The Go-Go’s: A fascinating look at the most successful female rock band of all time

The Go-Gos

Twenty years before the Spice Girls claimed Girl Power; The Go-Gos lived it.

Born out of the late 1970s LA punk scene, the all-female quintet played their own instruments, wrote their own music, and are still the most successful female rock band of all time.

In New Zealand, We got the beat and Holidays were their biggest hits, and most people will recognize singer Belinda Carlisle for her later solo work (circle in the sand, Heaven is a place on earth, I get weak).

Veteran music documentary maker Alison Ellwood (Eagles History Part 1 & Part 2, Spring Broke, Magic Trip) was the perfect choice as the director for it, putting together a complete story of The Go-Go from the beginning to the bitter – and I mean bitter – end.

All the band members and the management are there, and they don’t hesitate to discuss sex, alcohol and drugs. Money is also discussed, including rights and royalties split among the band members, which ultimately broke up the band.

Excellent use of archival footage and new interviews creates a snapshot of a group of young women making music history, unaware of the impact they would have on future generations.

The Go-Gos will take you back to the 80s, and it won’t bother you at all. Listen to my essential Go-Go picks here.

Before telling us that Heaven Was a Place on Earth, Belinda Carlisle was the lead singer of The Go-Gos.


Before telling us that Heaven Was a Place on Earth, Belinda Carlisle was the lead singer of The Go-Gos.

* Bel-Air: A fresh, more dramatic take on Will Smith’s beloved 90s sitcom hits TVNZ
* Starstruck: Rose Matafeo’s charming and clever sitcom returns to TVNZ
* Wellington Paranormal: TVNZ’s hilarious police mockumentary set to release in style
* CSI: Vegas: TVNZ hosts the surprisingly clever and intriguing reboot of the hit crime drama
* CSI: Crime Scene Investigation: Remembering the best episodes of all time

Alphas is now available to stream on TVNZ OnDemand.


Created by SyFy, the most obvious comparison for this series is Hero Where The boys.

People discover that they have “abilities”. A respected doctor thinks they are the next step in human evolution and calls them Alphas. Some Alphas use their powers for good and join the Doctor in a government-aligned task force that weeds out Alphas who use their abilities for evil from the streets. Called Red Flag, the villainous Alphas go to a special Alpha prison to be studied.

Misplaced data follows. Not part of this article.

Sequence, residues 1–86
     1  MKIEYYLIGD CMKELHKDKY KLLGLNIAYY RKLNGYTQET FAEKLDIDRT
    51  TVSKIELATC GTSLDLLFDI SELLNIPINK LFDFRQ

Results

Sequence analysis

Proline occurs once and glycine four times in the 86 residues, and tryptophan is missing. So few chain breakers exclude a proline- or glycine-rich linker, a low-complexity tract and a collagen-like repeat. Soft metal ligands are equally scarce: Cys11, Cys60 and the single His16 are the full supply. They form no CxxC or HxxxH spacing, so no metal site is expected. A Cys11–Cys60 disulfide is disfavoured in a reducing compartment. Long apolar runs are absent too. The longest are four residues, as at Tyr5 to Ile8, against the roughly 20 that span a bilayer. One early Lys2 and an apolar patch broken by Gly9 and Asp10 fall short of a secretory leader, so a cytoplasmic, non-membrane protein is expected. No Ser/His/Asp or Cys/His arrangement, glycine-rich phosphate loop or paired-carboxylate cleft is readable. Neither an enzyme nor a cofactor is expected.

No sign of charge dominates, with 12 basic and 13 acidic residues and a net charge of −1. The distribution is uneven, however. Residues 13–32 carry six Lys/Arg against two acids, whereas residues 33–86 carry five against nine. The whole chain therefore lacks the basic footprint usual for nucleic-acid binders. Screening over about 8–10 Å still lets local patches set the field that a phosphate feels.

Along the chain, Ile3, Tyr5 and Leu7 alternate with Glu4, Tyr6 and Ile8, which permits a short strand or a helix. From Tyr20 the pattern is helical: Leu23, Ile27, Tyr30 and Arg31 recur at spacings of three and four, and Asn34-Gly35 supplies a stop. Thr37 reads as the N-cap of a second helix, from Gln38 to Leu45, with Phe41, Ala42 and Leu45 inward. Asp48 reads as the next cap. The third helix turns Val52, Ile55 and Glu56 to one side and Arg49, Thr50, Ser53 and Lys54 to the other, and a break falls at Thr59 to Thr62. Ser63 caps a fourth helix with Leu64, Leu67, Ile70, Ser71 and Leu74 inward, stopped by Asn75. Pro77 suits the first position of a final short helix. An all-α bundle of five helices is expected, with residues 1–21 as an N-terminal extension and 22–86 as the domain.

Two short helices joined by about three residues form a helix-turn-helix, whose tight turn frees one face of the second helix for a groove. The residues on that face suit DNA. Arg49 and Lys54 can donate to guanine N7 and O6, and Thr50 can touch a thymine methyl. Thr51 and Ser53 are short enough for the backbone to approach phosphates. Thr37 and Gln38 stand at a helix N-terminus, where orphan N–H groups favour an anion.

The difference between Alphas and other shows is that Alphas really leans into the idea that abilities come in non-typical ways. Alpha abilities aren’t things like flight or laser eyes; these are enhanced senses, which lead to social phobias and migraines. One of the team members can see the electrical frequencies; he is also autistic.

Throughout both seasons, other characters appear who have severe disabilities, but are also Alphas.

The idea that what society considers “normal” to be incorrect and offensive is expressed quite clearly (and then taken to the extreme, as befits a sci-fi based TV series.)

It certainly got me thinking, but most of all, I enjoyed watching it. Especially season 2. This end!

Dog Squad has been entertaining Kiwi audiences for 12 seasons.

dog squad

Turn on the TV these days, and you’ll practically stumble upon shows about the police. Sometimes that can be a bit too much. thank god for Canine squad.

Now in its 12th season, it sticks to its tried-and-true formula of (mostly) lovable dogs with jobs working with their handlers for the New Zealand Police. But it’s not just police dogs stalking vandals or drunken men using the toilets at 2 a.m. without permission. They are also dogs that check parcels at the mail center, dogs that sniff out pests for council inspections, and even dogs that find penguins.

It’s always exciting to see sniffer dogs identify suspicious packages, because we want to know if they’re right. The fact that illicit drugs and biohazards are seized are merry little accidents. Me, I just want to see Fidget the beagle get his treat and his stuffed animal.

It was interesting to see a scruffy little dog called Rosie help do a biosecurity pre-check on a new home heading to Great Barrier Island. Trained to detect pests, including rats, mice and Argentine ants, she inspected the subfloor insulation and the interior of the house. On moving day, she inspected the trucks and barge carrying the house; it wasn’t until she gave the go-ahead that they were good to go. Good job, Rose!

Resident Alien Season 2 is streaming now on TVNZ OnDemand.

Foreign resident

I was late on the bandwagon for this show. I had heard the rave reviews, but just hadn’t found the time. (I watch a lot of things.)

That’s hilarious. Alan Tudyk was made for this role. His rubber face rivals Jim Carey, and his innate ability to merge physical comedy with clever script work is unmatched.

Tudyk plays an alien sent to earth to exterminate humanity. Unfortunately, he finds himself stuck here in the body of the local doctor, helping to solve a murder mystery.

It turns out that head injuries in aliens can also cause amnesia. And when you come from another planet with genocide as your initial plan, that can be a big problem.

It’s hard to watch this second season without giving anything away, so I’ll say I’m glad the characters continue to develop – this series is ahead of most written comedies in that regard. This season isn’t full of zingers like the first one was, but it’s still very, very funny.

Corina C. Butler